Dr. Boutros Ghali is the Egyptian minister of state for external affairs and a veteran of the hard diplomatic slogging leading to the Camp David Accords. Now high up in the foreign policy-making hierarchy of President Hosni Mubarak's new government, he is a fellow to talk to about the Palestinian issue, U.S.-Egyptian relations, Egyptian geopolitics.

But Ghali, you discover, wants to talk about Egyptian demography. And so, I suspect, will Mubarak, in his own way, when he sits down with Ronald Reagan on his first visit as Egypt's president. What the dictionary defines as "the statistical science dealing with distribution and density of populations" is unlikely to be on the agenda in quite those terms.

But it will be on Mubarak's mind for the same reason it is on Ghali's as "Egypt's greatest single problem." The crushing, smothering impact of a huge and growing population bears down on every aspect of Egyptian daily life--including, by Ghali's logic, foreign policy.

For some 3,000 years--Egypt's best, you might say--the population ranged upward from 3 million to about 7 million, a number the Nile valley could comfortably sustain. (About 96 percent of the total area of Egypt was then and remains uninhabitable desert.) At the turn of the century the population had grown to 12 million; that's about where it was when Ghali was in high school, he recalls.

Now it is a staggering 42 million, and growing at the rate of 1 million a year. Over one-quarter of the populace is crammed into Cairo, whose continuing sprawl is at the cost of critically needed arable land. An expensive effort is under way to irrigate and make fertile now-useless desert.

But for every acre of arable land thus gained, two are being lost along the banks of the Nile. Why? Because that priceless topsoil is the stuff of which bricks are made to build houses for the expanding population. It's a losing game, which is why Egypt has to spend several billion dollars a year for imports to meet over half of its food needs.

Some 40 percent of Egyptians live "below the poverty level," according to one authority. Families forced off the shrinking farmland flock to the cities, where there are not nearly enough jobs even for college graduates. Cairo is an eye-popping study in sharp contrasts: donkey carts and Mercedes, large pockets of destitution and filth a few hundred yards away from the water- skiers and eight-oared shells skimming the Nile.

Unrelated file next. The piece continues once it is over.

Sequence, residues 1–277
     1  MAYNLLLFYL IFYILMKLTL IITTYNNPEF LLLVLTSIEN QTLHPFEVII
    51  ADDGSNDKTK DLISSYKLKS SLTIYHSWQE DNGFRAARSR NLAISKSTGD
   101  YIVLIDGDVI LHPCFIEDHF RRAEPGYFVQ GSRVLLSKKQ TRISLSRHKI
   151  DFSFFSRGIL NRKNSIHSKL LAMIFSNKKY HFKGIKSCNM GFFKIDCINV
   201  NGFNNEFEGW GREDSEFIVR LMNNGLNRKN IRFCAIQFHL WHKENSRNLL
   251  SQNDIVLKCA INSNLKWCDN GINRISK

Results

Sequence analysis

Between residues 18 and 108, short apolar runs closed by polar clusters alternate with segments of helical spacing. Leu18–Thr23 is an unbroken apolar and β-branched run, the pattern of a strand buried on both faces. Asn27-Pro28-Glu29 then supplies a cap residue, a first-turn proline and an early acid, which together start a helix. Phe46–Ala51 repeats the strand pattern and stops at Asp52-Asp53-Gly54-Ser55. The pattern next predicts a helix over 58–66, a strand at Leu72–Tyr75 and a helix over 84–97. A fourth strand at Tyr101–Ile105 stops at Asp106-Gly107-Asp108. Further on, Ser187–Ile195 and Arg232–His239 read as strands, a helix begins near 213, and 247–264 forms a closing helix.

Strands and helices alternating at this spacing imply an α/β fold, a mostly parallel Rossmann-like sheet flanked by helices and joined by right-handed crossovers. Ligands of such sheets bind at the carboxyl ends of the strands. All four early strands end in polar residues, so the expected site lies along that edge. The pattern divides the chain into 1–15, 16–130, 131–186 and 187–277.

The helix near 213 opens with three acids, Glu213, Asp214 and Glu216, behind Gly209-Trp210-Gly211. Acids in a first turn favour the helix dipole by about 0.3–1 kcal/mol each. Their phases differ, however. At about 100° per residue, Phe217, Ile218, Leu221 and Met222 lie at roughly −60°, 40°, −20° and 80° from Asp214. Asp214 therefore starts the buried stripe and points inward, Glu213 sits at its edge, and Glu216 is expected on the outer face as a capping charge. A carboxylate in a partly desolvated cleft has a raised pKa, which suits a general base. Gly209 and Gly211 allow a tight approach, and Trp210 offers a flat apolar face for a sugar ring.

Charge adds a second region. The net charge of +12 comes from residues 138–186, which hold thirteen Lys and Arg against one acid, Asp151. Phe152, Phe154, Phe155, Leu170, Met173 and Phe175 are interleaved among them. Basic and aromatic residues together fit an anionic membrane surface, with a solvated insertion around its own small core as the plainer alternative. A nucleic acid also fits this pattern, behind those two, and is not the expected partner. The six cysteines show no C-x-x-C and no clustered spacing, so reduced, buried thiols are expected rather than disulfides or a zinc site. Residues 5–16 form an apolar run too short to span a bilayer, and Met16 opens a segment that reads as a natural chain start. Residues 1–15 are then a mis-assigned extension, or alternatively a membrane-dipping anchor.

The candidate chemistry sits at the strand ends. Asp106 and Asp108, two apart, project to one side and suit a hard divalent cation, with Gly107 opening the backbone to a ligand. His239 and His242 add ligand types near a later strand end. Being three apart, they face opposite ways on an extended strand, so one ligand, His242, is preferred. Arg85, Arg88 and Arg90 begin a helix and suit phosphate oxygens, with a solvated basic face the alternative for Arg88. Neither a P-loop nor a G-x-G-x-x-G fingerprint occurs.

The strain on such services as water, sewage, transportation and telephones is unimaginable. A recent government report estimated that employed Egyptians spend 16 percent of their time commuting and only 4 percent at work --the exact reverse of the figures for the average working American.

There are no real rush hours in this city--just one, all-day traffic jam. One reason: telephone communications are so overburdened that people find the quickest way to do business is by personal visits.

It comes down to a huge and growing surplus of Egyptians in Egypt: more than can be housed or fed, more than Egypt can live with indefinitely, even in cruel conditions.

And more, almost certainly, than even Mubarak's inward-turning preoccupation with domestic programs will be able to handle, however successful his promised priority for "economic and social stability."

Which brings us back to the connection between demography and foreign policy: at least a partial solution--a way of easing the pressure--says Ghali, would be for Egypt to "export" Egyptians to other Arab nations. It is not as far-fetched or desperate a remedy as it sounds. Already some 3 million Egyptians work overseas: 1 million in Iraq; 500,000 in the Persian Gulf; as many in hostile Libya; tens of thousands more scattered around in Sudan and elsewhere.

What has come naturally, Ghali would institutionalize, on a far greater scale. In the best of all Arab worlds, he envisages countries that are land-rich (or investment capital-rich) absorb the population surpluses of the land-poor. You can put it down now as no more than a dream. But the demographic driving force is real enough to make it one more reason why Egyptian rapprochement with the Arab world is high on the list of Mubarak's foreign policy imperatives.